Clinical Rotations

Clinical Rotations

The internship adheres to a practitioner-scholar model and is structured to provide a breadth and depth of child clinical and pediatric training experiences with diverse populations of youth and families.  Specifically, training is comprised of three four-month clinical service rotations, yearlong outpatient psychology services, and yearlong participation in didactics and supervision.  The clinical rotations are in pediatric consultation/liaison, pediatric specialty care, and child and adolescent acute inpatient psychiatry.  Outpatient services include individual/family/group therapy and psychological assessment in a child and adolescent mental health clinic and emergency psychiatric evaluations in a pediatric emergency department.  All work is performed under the supervision of licensed psychologists with expertise in child and adolescent psychology with the ultimate goal of preparing the intern for independent practice. 

Year-Long Experiences (12 Month)

Outpatient Services 

Outpatient services are housed in the Bingham Clinic, where interns and CAPP faculty have their offices. The Bingham Clinic has been in existence since 1913 and is one of the oldest child and adolescent mental health clinics in the country. The clinic is located in a family-friendly facility on the second level of Norton Hospital, a major health care facility in the region. 

Interns provide intake evaluations and individual and family psychotherapy for a diverse population of children, adolescents and families throughout the training year.  Patients range in age from 2 to 18 years old, present with a wide variety of emotional, behavioral, and medical concerns, and many are insured by Kentucky Medicaid. Interns have primary responsibilities for coordinating their patient caseloads with faculty guidance and have flexibility in selecting cases of particular interest to them or to maintain continuity of care across services (i.e., following a child from inpatient to outpatient care, or from diagnostic assessment to treatment). 

Psychological Assessment

Interns provide psychological assessments at the Bingham Clinic for patients referred primarily by other Bingham providers.  Typical assessment referrals include attention deficits, cognitive functioning, learning profile, and social/emotional and behavioral functioning.  Other evaluations may include pre-transplant evaluations or neurocognitive evaluations referred from the Hem/Onc team.  The assessments are geared to be comprehensive and aid in treatment planning, diagnostic clarification, and psychotherapeutic and medication management.  Interns complete approximately 9 comprehensive assessments over the course of the training year.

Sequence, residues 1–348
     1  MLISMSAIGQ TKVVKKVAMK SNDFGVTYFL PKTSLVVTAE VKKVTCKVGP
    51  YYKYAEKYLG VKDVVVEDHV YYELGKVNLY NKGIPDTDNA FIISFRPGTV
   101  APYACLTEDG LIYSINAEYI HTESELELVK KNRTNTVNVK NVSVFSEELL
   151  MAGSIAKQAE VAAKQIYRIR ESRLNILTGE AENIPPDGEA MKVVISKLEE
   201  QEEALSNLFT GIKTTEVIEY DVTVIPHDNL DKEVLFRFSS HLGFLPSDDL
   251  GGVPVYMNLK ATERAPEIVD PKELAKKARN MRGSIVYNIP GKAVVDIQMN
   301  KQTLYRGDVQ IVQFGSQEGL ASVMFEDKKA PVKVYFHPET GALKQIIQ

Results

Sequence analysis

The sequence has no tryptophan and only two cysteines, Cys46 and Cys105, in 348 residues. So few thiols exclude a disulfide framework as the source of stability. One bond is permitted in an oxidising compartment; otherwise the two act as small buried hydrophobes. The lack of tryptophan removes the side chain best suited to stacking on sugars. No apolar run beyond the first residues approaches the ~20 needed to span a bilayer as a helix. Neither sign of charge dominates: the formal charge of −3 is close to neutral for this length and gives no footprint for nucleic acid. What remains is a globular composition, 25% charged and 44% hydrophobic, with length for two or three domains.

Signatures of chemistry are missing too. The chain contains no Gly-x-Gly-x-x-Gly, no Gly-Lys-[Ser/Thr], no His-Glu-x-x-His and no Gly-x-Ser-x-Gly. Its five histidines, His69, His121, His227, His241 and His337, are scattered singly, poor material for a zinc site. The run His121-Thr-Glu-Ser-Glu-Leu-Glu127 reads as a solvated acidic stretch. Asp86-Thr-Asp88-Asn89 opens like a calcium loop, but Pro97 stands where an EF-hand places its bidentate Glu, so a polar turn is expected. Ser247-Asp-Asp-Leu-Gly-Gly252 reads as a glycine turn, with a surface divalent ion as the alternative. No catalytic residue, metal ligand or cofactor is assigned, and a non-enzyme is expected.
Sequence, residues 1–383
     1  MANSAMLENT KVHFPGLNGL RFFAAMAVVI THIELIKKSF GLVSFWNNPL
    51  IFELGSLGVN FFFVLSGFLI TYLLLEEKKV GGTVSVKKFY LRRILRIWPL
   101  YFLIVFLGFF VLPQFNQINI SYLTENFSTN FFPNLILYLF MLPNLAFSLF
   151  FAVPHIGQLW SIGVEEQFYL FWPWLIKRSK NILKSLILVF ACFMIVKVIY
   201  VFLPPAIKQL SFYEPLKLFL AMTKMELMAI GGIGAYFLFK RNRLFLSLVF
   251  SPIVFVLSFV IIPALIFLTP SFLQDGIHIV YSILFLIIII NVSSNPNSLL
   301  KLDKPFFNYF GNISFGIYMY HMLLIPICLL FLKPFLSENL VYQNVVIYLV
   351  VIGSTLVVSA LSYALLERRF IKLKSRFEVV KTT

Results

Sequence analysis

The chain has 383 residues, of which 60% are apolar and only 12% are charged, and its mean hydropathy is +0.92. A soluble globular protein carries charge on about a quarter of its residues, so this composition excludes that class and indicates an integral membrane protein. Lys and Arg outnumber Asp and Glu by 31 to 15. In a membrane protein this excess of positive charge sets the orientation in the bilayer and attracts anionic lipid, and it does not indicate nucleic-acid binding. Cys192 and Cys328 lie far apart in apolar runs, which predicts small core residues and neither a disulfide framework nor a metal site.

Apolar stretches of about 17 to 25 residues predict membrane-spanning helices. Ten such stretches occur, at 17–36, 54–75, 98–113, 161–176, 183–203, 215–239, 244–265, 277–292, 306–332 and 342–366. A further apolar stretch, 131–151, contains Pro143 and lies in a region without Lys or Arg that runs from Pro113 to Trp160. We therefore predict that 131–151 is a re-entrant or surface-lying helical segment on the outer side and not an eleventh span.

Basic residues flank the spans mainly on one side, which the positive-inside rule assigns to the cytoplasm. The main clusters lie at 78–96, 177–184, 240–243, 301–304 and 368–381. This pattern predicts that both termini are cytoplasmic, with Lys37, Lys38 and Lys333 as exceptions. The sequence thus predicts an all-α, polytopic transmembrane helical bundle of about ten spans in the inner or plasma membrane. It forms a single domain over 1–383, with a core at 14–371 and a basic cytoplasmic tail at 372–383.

Emergency Department

The Bingham Clinic provides emergency psychiatric evaluations and re-evaluations for the Emergency Department of Norton Children’s Hospital. This is a consultation service; therefore, the primary team managing the patients is the emergency department. Interns and psychiatry fellows rotate in-house coverage of this service; they alternate weeks as the primary member doing evaluations.  This service is a yearlong rotation through the Bingham Clinic.

Children's Health & Illness Recovery Program (CHIRP)

CHIRP is a 12-session manualized cognitive behavioral and family systems intervention for adolescents with chronic illness, particularly conditions that involve chronic pain, fatigue and functional disability.  This multi-modal treatment was developed at the University of Louisville and is an important service provided by the Bingham Clinic free to families. Referrals often include adolescents struggling with CRPS, hypermobility, fibromyalgia, POTS, chronic headaches, RJA, and functional abdominal pain.  CHIRP is delivered through individual therapy as well as a group format.  Interns co-lead both the adolescent skills group and parent training group throughout the year.

Pediatric Consultation-Liaison Service (4 months)